People and their history are the heart of Mystic
I want to comment on and make a clarification to your editorial, “Mystic park, 5 years on” (April 2). The welcome addition to public access to and clean-up of the Mystic River waterfront afforded by this project is certainly something to celebrate, even if it does take longer than some expected.
As you note, part of the delay was the overlooked historic property on the site: “A house on the property was simply going to be razed, but then the State Historic Preservation Office judged it to be historic and ordered its preservation.”
In fact, the house in question was already part of the Rossie Mill National Register District, established in 2007. The application for this educational designation was compiled by interested neighbors and submitted to the State Historic Preservation Office for approval and then forwarded by them with recommendation to the National Register of Historic Places that officially established the district. It speaks to the industrial and cultural history of the mill and its many immigrant workers. The district does not limit what property owners can do, but triggers review when state or federal money is sought for planned demolitions.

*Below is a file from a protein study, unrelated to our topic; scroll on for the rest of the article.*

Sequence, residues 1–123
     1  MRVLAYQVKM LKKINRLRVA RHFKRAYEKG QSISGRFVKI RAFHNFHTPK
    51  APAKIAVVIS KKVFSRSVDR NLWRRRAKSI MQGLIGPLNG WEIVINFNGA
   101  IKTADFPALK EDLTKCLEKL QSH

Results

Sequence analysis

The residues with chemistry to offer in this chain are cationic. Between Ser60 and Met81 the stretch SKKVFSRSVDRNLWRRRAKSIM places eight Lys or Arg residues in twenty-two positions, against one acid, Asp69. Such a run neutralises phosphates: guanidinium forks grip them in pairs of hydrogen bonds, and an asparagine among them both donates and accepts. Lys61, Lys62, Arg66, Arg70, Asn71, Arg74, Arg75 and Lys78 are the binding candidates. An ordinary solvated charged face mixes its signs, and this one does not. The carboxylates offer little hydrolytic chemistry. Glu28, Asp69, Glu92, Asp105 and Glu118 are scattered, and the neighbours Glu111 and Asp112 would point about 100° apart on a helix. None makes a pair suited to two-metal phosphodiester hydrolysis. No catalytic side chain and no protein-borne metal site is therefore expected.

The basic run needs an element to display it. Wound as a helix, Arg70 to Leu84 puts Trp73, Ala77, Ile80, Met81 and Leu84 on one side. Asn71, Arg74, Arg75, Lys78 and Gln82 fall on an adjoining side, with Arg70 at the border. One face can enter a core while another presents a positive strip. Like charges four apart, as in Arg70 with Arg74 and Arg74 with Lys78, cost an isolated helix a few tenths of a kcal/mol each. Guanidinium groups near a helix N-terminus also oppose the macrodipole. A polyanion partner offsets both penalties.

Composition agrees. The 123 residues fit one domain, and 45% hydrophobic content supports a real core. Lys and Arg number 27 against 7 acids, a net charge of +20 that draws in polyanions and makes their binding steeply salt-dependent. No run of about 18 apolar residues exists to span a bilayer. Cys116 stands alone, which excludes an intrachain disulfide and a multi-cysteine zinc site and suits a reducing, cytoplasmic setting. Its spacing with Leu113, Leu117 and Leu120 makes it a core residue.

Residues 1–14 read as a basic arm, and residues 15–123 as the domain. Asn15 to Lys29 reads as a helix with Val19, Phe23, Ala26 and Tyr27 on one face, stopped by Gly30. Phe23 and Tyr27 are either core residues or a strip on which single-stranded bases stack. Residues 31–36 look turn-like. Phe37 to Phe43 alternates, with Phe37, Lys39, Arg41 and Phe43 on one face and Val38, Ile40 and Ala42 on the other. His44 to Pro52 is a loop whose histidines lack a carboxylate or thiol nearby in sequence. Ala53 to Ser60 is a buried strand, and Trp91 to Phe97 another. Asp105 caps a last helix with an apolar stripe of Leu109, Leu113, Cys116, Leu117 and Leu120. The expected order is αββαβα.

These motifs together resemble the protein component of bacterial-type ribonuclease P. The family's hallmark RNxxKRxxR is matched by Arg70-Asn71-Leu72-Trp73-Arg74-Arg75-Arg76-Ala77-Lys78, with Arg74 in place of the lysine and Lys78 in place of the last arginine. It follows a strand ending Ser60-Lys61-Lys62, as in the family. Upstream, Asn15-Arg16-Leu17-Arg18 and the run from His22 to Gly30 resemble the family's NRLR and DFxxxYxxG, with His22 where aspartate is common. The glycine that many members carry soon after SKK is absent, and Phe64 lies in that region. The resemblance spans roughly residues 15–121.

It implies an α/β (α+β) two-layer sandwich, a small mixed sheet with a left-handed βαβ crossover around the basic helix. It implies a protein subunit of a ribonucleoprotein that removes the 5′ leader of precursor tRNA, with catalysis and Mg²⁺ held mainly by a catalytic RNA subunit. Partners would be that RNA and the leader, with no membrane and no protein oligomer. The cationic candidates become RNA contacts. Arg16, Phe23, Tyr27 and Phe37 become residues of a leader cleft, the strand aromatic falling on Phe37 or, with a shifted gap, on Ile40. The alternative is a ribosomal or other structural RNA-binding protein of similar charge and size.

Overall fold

The people and their history are the heart of a community. I would hope that here in Mystic, folks would be more aware of theirs. It is what makes Mystic the attraction it is. The slow erosion of historic homes lost to parking lots (see David Collins' commentary), "Mystic history demolished to make way for a parking lot," (March 30) and, even if attractive, boat houses in public parks is a danger to that sense of place felt by residents and visitors alike.
See application at:
Ted Hendrickson lives in Mystic.
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